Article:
In April of 2016, RED Development announced a new high-rise residential and commercial project for Block 23 in downtown Phoenix that will include a Fry’s grocery store. Last week, the Phoenix City Council approved $18.3 million in incentives that will allow this project to move forward, with a plan to be open by 2018.

This news has been broadly welcomed by downtown residents and workers, who have long lamented the fact that our urban core is quite literally a food desert. So after years of discussion about the possibility of a downtown grocery store, why now? 

Rendering of development planned for Block 23.

Rendering of development planned for Block 23.

According to Jeff Moloznik, Vice President of RED Development, the firm that also developed CityScape, “It has a lot to do with all of the positive development and momentum that’s been in downtown for the past five years.”

As downtown Phoenix has recovered from the recession, more businesses have opened and more people have moved here, creating a viable need for an amenity like a grocery store. “We finally have a good solid set of annual retail sales comparisons and residential rental rates, so people can start making investment decisions based on those known numbers and rates,” said Moloznik.

Jeff Moloznik, Vice President of RED Development.

Jeff Moloznik, Vice President of RED Development.

The ultimate choice for Fry’s to be the selected grocer was one that arose organically, according to Moloznik: “Development happens where the right developer meets the right property with the right tenants. . . We always felt like there was room for a grocery store in downtown, but it isn’t until the grocery industry elects to make the investment that it actually is real and matters.”  

“(Fry’s) had an interest in being downtown and we had an interest in finding someone who wanted to be downtown, so the stars kind of aligned in that way,” said Moloznik.

Though RED has a longtime working relationship with Fry’s and its parent company, Kroger, as tenants in other properties, it’s more than that connection that makes Moloznik feels Fry’s is a great fit for downtown.

One reason is their reputation as a contributor to the local community – from the large number of people they employ, to their work with various charities, to their sponsorships with established downtown entities like Chase Field and Talking Stick Resort Arena. “I think there’s something special about Fry’s attitude toward downtown Phoenix that made them special for this. You can see it by the marketing and by the community advocacy that they do,” said Moloznik.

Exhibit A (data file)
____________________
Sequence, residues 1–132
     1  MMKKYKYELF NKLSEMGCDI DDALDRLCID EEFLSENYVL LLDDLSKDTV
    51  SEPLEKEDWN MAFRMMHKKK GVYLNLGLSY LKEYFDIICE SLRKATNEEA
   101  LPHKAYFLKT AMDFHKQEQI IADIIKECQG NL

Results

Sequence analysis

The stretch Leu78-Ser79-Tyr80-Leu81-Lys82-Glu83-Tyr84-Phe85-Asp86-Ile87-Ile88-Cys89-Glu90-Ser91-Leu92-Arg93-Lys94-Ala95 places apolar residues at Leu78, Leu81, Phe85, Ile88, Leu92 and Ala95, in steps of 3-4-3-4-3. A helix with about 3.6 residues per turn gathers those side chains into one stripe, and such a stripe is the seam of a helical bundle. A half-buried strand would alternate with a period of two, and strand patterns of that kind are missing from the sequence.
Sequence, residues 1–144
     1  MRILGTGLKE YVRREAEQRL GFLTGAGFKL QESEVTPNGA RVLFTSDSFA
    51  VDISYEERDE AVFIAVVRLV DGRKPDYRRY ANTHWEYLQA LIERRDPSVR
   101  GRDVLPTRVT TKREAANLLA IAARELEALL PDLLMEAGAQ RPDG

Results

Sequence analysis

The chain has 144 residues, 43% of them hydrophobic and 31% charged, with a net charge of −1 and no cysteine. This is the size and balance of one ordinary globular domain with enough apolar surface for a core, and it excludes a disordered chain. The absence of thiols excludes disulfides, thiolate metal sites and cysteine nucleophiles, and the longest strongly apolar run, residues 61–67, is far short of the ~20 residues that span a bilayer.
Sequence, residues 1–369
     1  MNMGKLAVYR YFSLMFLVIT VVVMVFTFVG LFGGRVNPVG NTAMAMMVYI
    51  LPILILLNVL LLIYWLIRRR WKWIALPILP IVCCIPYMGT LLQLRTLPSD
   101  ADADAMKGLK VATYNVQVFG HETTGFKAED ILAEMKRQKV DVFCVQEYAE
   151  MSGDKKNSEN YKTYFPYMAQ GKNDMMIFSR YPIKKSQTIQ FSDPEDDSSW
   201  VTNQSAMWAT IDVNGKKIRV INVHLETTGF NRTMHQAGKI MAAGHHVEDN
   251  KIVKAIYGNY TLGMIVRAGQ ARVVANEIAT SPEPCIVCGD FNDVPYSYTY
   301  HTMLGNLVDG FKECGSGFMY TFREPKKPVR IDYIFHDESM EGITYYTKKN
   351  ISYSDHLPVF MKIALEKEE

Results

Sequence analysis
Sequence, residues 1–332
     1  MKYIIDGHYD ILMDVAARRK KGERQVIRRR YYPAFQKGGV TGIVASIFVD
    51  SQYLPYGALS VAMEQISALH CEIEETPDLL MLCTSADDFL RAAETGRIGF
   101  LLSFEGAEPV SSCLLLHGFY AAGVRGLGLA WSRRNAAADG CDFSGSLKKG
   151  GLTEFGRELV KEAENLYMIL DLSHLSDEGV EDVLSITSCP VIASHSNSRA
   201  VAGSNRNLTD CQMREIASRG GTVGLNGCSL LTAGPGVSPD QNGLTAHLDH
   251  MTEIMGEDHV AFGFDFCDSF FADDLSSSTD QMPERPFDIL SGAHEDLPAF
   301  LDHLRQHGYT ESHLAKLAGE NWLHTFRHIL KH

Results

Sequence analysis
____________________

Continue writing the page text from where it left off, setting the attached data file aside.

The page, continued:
Another thing that makes Fry’s uniquely qualified for this project is their experience operating full-service, vertically-integrated grocery stores in urban settings around the country. The design of this store will build on best practices from these existing stores and will result in one that is optimized for downtown patrons.

Rendering of development planned for Block 23.

Rendering of development planned for Block 23.

According to Moloznik, Fry’s is passionate about the design and layout of the store, and is putting in the time and effort to create a flagship outlet. They have also been intentional in incorporating design that maximizes the pedestrian experience. One example of this is the inclusion of a 15,000 square foot basement that will house all of their back-of-house operations, including their bakery and butcher, which will allow space for additional retail at the street level.

“The new downtown Fry’s Food Store is our team’s most exciting project,” says Steve McKinney, president of Fry’s Food Stores. “We know our neighbors will enjoy our fresh food at famous low prices. The new grocery store will have something for everyone including families living downtown to the employees working downtown to the fan on their way to a Sun’s game,” Steve says.

The location of the development is adjacent to CityScape Phoenix on the Valley Metro Light Rail Line.

The location of the development is adjacent to CityScape Phoenix on the Valley Metro Light Rail Line.

“It will be a truly 21st century grocery store in the sense that it is one part restaurant, one part pharmacy, one part wine bar, one part butcher,” says Moloznik. “It’s got everything from the ability to have groceries dropped in the trunk of your car as you pull up after you’ve filled up your shopping cart on your smartphone, to a full cafe, where you’re gonna be perfectly content and comfortable to dine there morning, noon and night.”

David Krietor, CEO of Downtown Phoenix, Inc. feels this is a major step for downtown Phoenix. “This is a great move for Fry’s and will be a wonderful amenity for the thousands of people who live or work within walking distance of the store. Perhaps as important, it will be a symbol that downtown Phoenix has emerged as a vibrant and connected community that we can all be proud of.”

Moloznik believes the store is a key element in the future of downtown Phoenix. “It’s one of the critical anchor institutions for downtown. We have all the primary anchors… And we need to have a grocery to kind of plant the center of it all. That’s what the grocery store provides: it become a nucleus for sustainable life in downtown.”

Images courtesy of RED Development.


  • Guillermo Betancourt

    I have been waiting for 10 years now. Thank You Fry’s!!!! and Welcome Home.

  • eplian

    THANK YOU Fry’s Grocery. Downtown Phoenix is the place to be…I predict a bright future for you.

    • eplian

      BTW, I live downtown PHX, I’ll be a,GOOD customer !!

  • Diedre Brook Rawson

    We are so excited to have a grocery store down here locally as a downtown business!!!